by Muneeza Sheikh
Do you remember when,
Mother baked small cakes
Placed on delicate china plates
Beaded on the edges with pearl,
And on the wall dimly lit hangings that displayed father's rich curls?
Seeking refuge in the velvety Turkish rug that matted below,
Rich and velvety apple wood burned in the room.
Not thick and musky that hung in the air, no, not this fume.
But light enough to caress the slight curve on your arm when you were lost whilst foxtrot,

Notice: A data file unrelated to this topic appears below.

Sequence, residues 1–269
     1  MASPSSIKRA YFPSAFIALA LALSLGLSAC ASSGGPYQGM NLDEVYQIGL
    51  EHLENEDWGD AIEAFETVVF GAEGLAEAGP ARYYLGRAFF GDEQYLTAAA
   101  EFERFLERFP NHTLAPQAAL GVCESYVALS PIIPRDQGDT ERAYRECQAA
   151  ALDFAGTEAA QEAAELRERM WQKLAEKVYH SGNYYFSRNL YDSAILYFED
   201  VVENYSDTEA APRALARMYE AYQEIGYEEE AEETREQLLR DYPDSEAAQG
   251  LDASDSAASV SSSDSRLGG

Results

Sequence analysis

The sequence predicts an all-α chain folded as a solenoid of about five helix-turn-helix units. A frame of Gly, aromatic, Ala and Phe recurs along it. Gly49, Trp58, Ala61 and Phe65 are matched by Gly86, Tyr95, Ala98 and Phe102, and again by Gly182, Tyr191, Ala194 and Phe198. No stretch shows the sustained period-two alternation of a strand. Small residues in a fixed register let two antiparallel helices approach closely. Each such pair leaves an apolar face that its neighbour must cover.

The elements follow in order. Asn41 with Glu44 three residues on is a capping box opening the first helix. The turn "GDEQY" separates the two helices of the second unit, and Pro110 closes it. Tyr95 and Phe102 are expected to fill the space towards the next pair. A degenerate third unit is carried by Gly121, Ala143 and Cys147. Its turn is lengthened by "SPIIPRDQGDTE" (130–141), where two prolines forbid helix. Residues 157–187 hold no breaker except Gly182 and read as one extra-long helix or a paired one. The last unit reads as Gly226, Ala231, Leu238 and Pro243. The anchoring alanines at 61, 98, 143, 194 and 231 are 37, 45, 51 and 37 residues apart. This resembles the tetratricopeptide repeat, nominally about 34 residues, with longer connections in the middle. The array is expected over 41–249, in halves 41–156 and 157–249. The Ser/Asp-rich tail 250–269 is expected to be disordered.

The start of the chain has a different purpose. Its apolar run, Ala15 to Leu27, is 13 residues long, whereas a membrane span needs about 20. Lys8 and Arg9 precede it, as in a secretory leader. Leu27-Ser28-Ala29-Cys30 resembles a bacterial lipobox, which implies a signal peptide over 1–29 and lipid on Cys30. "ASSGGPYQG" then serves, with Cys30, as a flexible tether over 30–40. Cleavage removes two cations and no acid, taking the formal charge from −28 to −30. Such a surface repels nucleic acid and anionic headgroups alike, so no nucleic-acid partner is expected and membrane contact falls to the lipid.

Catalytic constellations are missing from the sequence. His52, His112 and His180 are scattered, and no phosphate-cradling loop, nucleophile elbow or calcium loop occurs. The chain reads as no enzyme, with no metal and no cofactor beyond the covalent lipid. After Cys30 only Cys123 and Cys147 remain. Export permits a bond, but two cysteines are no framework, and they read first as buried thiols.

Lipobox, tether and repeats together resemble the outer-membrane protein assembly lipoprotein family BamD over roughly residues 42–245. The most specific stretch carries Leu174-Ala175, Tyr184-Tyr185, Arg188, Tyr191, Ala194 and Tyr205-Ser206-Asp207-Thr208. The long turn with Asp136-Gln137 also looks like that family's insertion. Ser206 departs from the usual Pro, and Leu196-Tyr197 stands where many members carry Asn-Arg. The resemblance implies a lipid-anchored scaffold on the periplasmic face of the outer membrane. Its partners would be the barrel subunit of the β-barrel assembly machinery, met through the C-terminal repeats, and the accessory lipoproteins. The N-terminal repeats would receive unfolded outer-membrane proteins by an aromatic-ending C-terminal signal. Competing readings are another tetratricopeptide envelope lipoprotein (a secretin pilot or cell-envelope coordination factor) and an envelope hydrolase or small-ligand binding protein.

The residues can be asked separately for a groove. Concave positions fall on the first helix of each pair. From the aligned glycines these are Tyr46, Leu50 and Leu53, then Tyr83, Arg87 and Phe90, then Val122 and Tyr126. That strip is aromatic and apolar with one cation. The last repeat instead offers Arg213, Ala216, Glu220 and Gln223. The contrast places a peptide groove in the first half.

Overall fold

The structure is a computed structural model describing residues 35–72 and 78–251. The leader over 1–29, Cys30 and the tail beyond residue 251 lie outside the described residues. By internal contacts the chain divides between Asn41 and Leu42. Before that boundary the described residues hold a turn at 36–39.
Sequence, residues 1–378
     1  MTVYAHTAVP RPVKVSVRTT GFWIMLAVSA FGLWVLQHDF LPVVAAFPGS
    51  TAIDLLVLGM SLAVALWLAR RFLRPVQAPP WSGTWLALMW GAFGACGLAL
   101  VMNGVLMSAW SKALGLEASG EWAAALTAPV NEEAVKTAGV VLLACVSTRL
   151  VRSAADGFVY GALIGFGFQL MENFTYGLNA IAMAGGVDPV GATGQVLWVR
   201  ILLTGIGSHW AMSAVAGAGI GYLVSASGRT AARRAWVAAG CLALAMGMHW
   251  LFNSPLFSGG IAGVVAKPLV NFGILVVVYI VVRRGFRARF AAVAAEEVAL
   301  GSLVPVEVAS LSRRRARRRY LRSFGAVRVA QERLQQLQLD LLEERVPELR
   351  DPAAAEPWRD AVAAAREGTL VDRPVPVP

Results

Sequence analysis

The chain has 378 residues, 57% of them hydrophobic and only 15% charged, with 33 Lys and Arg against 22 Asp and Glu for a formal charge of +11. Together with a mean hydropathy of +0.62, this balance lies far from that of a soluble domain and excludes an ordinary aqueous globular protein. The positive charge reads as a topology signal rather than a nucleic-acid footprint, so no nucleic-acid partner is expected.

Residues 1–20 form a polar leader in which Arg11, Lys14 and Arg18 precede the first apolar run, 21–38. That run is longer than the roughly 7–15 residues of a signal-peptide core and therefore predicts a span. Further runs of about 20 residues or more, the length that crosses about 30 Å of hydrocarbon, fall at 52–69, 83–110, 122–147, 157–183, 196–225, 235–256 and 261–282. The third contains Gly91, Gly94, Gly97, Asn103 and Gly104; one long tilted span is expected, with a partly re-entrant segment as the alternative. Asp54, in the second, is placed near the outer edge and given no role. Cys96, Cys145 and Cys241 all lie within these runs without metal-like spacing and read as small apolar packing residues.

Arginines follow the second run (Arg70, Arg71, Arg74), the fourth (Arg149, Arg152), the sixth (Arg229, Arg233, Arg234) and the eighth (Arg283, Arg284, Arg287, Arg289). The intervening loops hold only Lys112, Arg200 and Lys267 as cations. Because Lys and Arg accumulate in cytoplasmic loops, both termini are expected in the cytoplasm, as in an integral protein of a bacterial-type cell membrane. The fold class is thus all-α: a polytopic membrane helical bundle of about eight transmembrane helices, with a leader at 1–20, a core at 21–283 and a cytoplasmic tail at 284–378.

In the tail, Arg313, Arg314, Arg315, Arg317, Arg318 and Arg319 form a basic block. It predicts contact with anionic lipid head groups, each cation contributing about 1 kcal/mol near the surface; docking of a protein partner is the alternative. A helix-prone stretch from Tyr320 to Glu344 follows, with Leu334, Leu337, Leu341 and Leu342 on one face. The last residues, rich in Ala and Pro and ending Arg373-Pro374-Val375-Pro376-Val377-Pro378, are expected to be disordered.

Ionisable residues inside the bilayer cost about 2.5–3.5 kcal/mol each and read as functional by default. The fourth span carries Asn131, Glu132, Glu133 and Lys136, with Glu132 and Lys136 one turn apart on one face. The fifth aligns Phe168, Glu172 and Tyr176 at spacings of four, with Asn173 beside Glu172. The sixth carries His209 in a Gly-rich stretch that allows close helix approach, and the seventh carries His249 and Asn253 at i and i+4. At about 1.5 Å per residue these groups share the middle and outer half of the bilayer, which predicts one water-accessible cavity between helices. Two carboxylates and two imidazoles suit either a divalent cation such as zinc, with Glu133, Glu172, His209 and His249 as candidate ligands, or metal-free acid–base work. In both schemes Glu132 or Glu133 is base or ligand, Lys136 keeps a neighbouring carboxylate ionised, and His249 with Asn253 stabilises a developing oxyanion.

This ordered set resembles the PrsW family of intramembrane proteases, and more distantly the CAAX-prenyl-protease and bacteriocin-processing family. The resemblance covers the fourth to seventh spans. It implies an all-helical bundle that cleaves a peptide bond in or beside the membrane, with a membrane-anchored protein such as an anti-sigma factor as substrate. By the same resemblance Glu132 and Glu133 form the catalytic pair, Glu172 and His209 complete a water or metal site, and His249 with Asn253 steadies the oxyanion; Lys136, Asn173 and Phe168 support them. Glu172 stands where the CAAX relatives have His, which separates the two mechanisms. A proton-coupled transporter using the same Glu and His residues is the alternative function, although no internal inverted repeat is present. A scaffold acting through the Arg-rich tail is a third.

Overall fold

As if his silky tie begged to undo the knot.
If only he had taken the teddy bear,
Ripped and dirty it may be, fair.
It would have completed the scene
He would have looked more like us, sans canteen.
But now, the mud-filled puddles we danced in
Became his new home.
And he couldn’t help but think
That the first raindrops before a wild storm
Were only his own.